What can you learn from a pile of rocks?
Quite a bit, if you visit the core repository.
Officially known as the Wisconsin Geological and Natural History Survey (WGNHS) Research Collections and Education Center, the core repository is a research facility located in Mount Horeb that houses rock samples from across Wisconsin: 11,335 sets of water well cuttings, 15,000 hand samples, and 57,000 boxes of core.
Carsyn Ames, the samples coordinator who curates, organizes, and tends to the collections, succinctly explains its purpose. “You can think of it as the geologic library for the state of Wisconsin.”
Digging for answers
Although visiting researchers can’t check out the rock samples like books, they can examine samples at viewing tables within the repository. Ames says many of their patrons are scientists, university professors, and to a lesser extent, industry professionals seeking to learn more about what’s beneath their feet, like groundwater.
Carol McCartney is the recently retired outreach manager and gave tours at the core repository. She points to an example in Lake Geneva where a former WGNHS scientist, Madeline Gotkowitz, examined water well cuttings to help a local school identify the source of arsenic in their drinking water. Gotkowitz’s research helped determine a safer depth at which to drill a new well.
Geologists also use core to create maps of what we can’t see, like bedrock. These samples offer snapshots of the rock hundreds of feet beneath the ground, or in some cases, what rock used to be there.
“A lot of these cores were collected in places that don’t exist anymore.” McCartney offers the Flambeau mine near Ladysmith as an example. The mine operated in the early 1990s, but has since been backfilled and reclaimed. What rock was there is no longer—unless you visit the repository, which has pre-mine core from the site.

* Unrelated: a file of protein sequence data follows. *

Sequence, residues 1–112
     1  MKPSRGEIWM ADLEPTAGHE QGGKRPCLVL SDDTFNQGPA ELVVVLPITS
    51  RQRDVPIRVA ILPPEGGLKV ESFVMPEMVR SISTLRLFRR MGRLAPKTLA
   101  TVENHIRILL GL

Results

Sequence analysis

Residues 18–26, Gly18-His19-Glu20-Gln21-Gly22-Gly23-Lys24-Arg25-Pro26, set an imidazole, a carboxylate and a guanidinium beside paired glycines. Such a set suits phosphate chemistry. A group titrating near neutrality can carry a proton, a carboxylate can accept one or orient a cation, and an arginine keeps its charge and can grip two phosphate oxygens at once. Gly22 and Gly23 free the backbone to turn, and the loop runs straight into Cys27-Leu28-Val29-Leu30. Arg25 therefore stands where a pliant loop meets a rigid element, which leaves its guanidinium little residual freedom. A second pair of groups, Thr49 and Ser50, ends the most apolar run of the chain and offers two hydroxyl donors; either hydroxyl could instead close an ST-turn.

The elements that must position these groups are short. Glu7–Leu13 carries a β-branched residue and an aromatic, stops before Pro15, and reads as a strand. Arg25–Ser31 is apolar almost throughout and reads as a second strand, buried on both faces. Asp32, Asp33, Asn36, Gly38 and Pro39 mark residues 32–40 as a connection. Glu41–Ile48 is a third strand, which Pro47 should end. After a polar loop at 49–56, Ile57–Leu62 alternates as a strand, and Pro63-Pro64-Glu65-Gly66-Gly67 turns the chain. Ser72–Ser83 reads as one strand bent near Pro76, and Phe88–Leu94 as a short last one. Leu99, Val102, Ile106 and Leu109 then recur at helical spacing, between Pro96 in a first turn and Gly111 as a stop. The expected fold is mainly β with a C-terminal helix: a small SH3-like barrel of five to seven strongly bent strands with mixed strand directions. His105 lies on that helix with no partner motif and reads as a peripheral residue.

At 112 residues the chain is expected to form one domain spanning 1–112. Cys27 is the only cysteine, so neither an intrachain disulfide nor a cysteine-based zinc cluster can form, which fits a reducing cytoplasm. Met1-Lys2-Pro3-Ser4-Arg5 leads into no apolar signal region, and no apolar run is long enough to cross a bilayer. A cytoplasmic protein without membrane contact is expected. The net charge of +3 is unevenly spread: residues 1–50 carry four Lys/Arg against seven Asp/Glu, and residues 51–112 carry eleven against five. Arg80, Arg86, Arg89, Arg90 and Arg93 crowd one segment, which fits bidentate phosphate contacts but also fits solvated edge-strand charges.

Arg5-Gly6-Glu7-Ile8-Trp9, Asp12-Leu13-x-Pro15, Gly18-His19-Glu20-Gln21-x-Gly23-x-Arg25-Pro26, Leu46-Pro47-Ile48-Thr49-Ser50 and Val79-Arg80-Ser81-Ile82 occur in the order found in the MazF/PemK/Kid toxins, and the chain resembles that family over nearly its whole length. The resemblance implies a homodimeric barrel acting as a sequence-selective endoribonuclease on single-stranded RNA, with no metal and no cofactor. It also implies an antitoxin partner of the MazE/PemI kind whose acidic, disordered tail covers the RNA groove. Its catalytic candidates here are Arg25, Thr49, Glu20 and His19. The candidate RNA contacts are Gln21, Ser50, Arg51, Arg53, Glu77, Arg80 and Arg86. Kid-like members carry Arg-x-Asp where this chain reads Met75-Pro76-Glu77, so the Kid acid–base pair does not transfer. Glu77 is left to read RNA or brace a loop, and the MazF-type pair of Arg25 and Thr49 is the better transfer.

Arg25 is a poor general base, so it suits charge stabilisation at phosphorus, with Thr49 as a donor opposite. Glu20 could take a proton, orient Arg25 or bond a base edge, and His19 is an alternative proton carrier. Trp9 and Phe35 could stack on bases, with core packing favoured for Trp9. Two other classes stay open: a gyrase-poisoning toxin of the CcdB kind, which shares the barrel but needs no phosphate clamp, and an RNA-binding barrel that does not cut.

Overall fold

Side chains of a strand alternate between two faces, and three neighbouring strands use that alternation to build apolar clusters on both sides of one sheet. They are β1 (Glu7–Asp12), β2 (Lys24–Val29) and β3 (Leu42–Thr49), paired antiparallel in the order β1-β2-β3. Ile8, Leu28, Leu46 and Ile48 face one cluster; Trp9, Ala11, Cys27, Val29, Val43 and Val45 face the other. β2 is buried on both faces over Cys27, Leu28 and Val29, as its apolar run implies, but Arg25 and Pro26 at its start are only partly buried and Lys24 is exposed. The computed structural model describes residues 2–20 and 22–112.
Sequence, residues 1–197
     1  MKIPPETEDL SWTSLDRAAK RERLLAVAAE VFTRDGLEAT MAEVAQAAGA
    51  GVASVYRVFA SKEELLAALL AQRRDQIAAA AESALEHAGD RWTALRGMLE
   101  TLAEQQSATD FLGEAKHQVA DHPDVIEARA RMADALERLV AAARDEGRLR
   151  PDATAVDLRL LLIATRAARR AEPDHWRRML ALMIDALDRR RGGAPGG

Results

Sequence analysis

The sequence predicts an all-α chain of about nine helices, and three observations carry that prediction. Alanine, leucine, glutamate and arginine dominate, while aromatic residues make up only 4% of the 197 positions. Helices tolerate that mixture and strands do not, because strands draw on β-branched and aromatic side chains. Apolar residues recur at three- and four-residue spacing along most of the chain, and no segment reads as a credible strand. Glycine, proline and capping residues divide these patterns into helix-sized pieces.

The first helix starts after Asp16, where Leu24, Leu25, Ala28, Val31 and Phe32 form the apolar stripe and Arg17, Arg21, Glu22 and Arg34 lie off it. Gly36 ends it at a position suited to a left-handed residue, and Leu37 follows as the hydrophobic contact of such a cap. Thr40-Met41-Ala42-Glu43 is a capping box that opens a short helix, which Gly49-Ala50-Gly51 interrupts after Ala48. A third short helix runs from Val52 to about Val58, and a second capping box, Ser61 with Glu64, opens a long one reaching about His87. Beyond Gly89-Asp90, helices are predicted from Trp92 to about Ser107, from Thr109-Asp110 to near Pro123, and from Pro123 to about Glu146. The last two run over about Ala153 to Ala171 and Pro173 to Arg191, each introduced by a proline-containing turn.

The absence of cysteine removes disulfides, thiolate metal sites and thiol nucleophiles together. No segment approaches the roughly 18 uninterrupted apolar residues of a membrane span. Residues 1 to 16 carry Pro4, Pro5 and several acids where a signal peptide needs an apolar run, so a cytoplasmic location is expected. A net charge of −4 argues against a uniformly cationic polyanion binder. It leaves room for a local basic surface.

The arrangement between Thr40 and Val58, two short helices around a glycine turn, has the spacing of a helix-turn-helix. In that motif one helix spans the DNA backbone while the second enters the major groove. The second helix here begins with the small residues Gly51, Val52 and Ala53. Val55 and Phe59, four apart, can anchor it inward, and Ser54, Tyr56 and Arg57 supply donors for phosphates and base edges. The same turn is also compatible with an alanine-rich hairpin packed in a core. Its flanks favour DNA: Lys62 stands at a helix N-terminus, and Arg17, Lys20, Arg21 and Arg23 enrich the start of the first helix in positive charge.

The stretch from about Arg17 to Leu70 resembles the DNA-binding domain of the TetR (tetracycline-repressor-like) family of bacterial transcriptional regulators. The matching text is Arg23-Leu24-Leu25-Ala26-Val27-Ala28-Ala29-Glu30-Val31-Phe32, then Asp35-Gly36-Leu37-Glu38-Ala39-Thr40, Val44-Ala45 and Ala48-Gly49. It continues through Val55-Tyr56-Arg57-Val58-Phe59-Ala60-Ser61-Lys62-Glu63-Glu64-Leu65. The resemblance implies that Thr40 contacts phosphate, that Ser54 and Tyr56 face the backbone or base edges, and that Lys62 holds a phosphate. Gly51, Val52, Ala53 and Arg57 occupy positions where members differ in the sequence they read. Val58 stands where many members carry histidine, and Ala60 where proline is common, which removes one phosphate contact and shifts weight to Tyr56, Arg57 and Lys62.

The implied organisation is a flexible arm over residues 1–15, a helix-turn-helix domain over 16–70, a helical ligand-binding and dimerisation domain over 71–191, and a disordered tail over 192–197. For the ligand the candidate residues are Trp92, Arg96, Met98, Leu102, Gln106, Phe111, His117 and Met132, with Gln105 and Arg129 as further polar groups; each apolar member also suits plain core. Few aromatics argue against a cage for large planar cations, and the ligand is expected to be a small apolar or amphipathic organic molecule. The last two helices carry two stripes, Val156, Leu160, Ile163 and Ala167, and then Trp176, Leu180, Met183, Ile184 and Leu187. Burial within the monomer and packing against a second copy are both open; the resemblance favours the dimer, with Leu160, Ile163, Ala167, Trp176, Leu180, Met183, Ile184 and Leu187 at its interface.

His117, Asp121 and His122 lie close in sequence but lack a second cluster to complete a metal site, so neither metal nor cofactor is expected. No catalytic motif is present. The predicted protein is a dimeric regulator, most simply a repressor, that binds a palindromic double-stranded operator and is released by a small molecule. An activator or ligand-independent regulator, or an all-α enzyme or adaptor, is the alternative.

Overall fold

Samples such as the Flambeau core underscore the importance of the repository. It preserves pieces of Wisconsin’s geological history, even in places where that history has been mined away. As Ames puts it, “It’s an invaluable amount of knowledge.”
Examining the past into the future
Like many in-person activities and events, tours and research trips to the core repository have been cancelled during the pandemic. Without these visits, Ames saw an opportunity to begin a new project: building an online database of digital images. Currently, about 10% of core is photographed, and the photos aren’t publicly available. Fully digitizing the collection would allow researchers to search for and view samples from afar—a good thing even in non-pandemic times.
Ames has big plans for the new photography setup, one that involves wheels. “I want to make my core photography station mobile.” The current arrangement is ten years old and requires Ames to lug boxes of core from shelf to camera. With 57,000 boxes of core, that’s a lot of lugging. Did I mention some shelves are 25 feet high?
Once complete, the database will make the core repository’s collections accessible to professional geologists and rock aficionados across the state. If you have questions about what’s beneath your feet, you won’t have to travel far to investigate.
Although the core repository is closed for public tours, you can take a virtual tour here.